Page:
Prof Tim Hardingham – We are investigating gene expression changes in human articular cartilage and fibrocartilage associated with ageing and pathology, which drive the processes that lead to tissue degeneration and arthritis and we have an active programme in cartilage tissue engineering. Array analysis of chondrocytes and OA tissue has identified genes regulated by SOX9 that are associated with osteoarthritis and we showed that a matrix forming phenotype was re-initiated in isolated chondrocytes from OA tissue when retrovirally transduced with SOX9. Increased expression of SOX9 in these cells potentiated an anabolic response to 3D cell culture, growth factors and hypoxia and showed that chondrocyte from OA joints were able to recover these responses and behave similarly to cells from healthy joints. To generate cartilage we are investigating the physical cues and biological signals that drive the differentiation of chondrocytes from stem cells of different origins, including from bone marrow, infrapatellar fat pad and from human ES cells. We are dissecting signaling pathways associated with chondrogenesis in order to make cartilage constructs more efficiently in vitro, or alternatively to deliver appropriate signals in vivo to drive chondrogenesis in cartilage repair.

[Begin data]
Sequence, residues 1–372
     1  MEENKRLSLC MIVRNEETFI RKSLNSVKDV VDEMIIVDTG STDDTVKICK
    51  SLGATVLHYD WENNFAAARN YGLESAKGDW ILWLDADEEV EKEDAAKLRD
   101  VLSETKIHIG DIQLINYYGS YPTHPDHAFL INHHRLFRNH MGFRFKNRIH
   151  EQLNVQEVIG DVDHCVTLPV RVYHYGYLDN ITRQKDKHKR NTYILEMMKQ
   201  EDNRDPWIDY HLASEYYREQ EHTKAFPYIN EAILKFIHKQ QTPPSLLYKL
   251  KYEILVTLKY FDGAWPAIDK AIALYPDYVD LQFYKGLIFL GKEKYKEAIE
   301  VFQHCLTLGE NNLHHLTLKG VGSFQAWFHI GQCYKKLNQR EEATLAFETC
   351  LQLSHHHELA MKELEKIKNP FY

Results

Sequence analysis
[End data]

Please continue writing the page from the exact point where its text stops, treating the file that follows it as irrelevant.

Dr Jean-Marc Schwarz – Biology was dominated until recently by the reductionist approach, consisting in the thorough study of individual biochemical compounds. However, new technologies allow experimentalists to gather rapidly increasing amounts of data at the scale of the entire cell, and a key challenge for biology is now to integrate and exploit these data in order to advance towards a global understanding of biological functions. The new field of Systems Biology seeks to explain macroscopic phenotypes by the use of chemical and physical models embedding detailed knowledge of the quantities, dynamics and interactions between intracellular compounds. New algorithms and solutions are required for data integration, network analysis, model construction and simulation. In this framework, our research projects encompass the constraint-based analysis of metabolic networks, integrative and dynamic modelling and systems pharmacology and drug metabolism.